Northbound

on

All journeys start with a single step and so it was for us on Sunday when we left our hotel for the short walk to collect our hire car.  However some things are never that simple and due to some obscure administration processes put in place by our  car hire company, it took us over 90 mins to complete a task that should have taken 15 at most.We were eventually under way to our first stop on our 50 day road trip of New Zealand.

Our destination, Whangarei, is in the region north of Auckland called inevitably Northland, and is regarded by many as the cradle of the nation.

A quick history lesson:

Northland is where Abel Tasman  first arrived in 1642 and named this forested island Niew Zeeland after an area of Holland (Tasman was Dutch after all!).  The indigenous Maori quickly took against Tasman and through various violent actions sent him on his way, his stay lasting less than four weeks.

Captain James Cook turned up in 1769  to explore this new land and map the islands. On this first of three visits he claimed New Zealand for Great Britain.  By the 1830’s Britain had a new Queen (Victoria) and the British Empire was expanding and the British (and others) were beginning to colonise these islands.  In 1835 a treaty was signed at Waitangi, about an hour up the coast from here which guaranteed protection for the Maori in return for Sovereignty over these lands. (More of which in a later blog)

Our drive up was uneventful.  The main road (State Highway 1 – SH1) started as a Motorway, around the city centre, became a dual carriageway for a short time as we cleared North Auckland, but once out of the city became a normal 2 lane road, with bumpy bits and regular potholes, just like back home.  One interesting feature is the proliferation of Agapanthus and Crocosmia growing wild at the side of the road.  In the UK these are popular garden plants and feature in many garden designs.  Here they are regarded as invasive weeds and a bit of a pest, but I must say they do add some lovely colour to the roadside. The roads were crowded but the traffic still moves along briskly. The speed limit here is much lower than UK, at 100kph which is about 60 mph in real money.  Locals still exceed the limit though.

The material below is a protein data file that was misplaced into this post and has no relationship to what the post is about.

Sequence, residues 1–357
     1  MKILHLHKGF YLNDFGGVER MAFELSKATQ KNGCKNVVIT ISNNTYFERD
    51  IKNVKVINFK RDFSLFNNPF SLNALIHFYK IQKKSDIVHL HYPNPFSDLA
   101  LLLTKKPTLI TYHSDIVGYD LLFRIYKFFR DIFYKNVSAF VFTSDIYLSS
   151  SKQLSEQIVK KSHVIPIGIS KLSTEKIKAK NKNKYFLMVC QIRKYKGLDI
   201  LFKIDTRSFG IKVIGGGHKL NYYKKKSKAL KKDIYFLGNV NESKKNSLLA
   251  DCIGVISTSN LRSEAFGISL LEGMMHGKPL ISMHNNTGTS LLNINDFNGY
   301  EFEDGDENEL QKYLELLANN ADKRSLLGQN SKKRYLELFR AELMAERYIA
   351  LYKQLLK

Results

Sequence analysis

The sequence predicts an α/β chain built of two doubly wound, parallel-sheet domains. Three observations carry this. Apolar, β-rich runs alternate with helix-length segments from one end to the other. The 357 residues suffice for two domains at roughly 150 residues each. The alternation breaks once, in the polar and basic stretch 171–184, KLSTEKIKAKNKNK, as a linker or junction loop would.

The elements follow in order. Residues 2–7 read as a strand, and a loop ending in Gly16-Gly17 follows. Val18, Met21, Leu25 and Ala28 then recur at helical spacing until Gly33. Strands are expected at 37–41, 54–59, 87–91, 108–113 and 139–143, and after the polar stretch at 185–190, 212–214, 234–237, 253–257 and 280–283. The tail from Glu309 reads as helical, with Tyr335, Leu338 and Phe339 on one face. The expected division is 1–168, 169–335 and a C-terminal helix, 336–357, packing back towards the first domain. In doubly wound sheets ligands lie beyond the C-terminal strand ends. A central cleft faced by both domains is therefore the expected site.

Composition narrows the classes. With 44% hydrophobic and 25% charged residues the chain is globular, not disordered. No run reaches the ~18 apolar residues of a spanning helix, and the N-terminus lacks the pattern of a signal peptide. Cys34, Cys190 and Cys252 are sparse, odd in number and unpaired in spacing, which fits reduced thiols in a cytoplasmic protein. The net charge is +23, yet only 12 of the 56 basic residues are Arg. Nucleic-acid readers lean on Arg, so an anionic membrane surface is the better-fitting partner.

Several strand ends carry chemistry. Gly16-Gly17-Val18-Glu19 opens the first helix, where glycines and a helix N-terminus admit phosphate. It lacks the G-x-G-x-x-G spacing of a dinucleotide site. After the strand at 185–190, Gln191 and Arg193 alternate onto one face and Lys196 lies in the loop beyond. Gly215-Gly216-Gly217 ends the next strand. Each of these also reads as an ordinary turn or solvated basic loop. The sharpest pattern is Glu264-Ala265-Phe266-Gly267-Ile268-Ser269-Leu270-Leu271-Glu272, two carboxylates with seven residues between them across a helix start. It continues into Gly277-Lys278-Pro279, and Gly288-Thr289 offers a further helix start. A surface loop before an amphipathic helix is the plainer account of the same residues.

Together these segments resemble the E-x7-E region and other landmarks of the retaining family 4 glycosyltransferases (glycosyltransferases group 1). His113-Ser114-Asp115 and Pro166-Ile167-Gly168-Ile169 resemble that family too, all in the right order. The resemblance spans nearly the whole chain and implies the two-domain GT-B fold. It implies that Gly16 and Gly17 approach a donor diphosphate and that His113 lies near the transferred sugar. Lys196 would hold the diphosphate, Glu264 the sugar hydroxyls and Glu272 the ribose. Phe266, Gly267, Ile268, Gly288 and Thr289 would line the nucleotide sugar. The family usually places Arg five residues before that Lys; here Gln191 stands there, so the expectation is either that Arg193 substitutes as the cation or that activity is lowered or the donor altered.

Roadside Agapanthus

Agapanthus growing wild on the roadside

After a two hour drive we arrived at our home for the next few days, a delightful small bungalow or “Bach” (pronounced Batch) in beautiful grounds about 15 minutes drive from the city centre.  Our hostess, Jeanette came to greet us with typical Kiwi friendship and we quickly settled in.  It was nice to be able to unpack and not have to live out of a suitcase!

The origin of a “Bach” goes back to immediate post WWII and were nearly always small timber structures made of recycled timber or other cheap construction material and built as simple and convenient one room holiday shacks near a beach.  They were influenced by the backwoods cabins and sheds of the early settlers and farmers. Other baches used a caravan as the core of the structure, and built extensions on to that. In the 1950s, many cities were dismantling their tram systems, and old trams were sometimes used as baches,  They were simply furnished often with second hand furniture and became symbols of the beach holiday lifestyle becoming more popular in New Zealand at that time. Modern day Baches are much more the holiday home, well equipped (judging by ours anyway) and in prime locations away from main towns and cities but close enough for convenience.  The origin of the word “Bach” is thought to stem from Batchelor Pad however as many of these structures were originally built in popular family holiday locations I leave you the reader to draw your own conclusions.

Our Place. Be it ever so 'vulnerable, its homeGArden at our Bach

Top: Our “Bach”

Bottom: The garden viewed from our front window.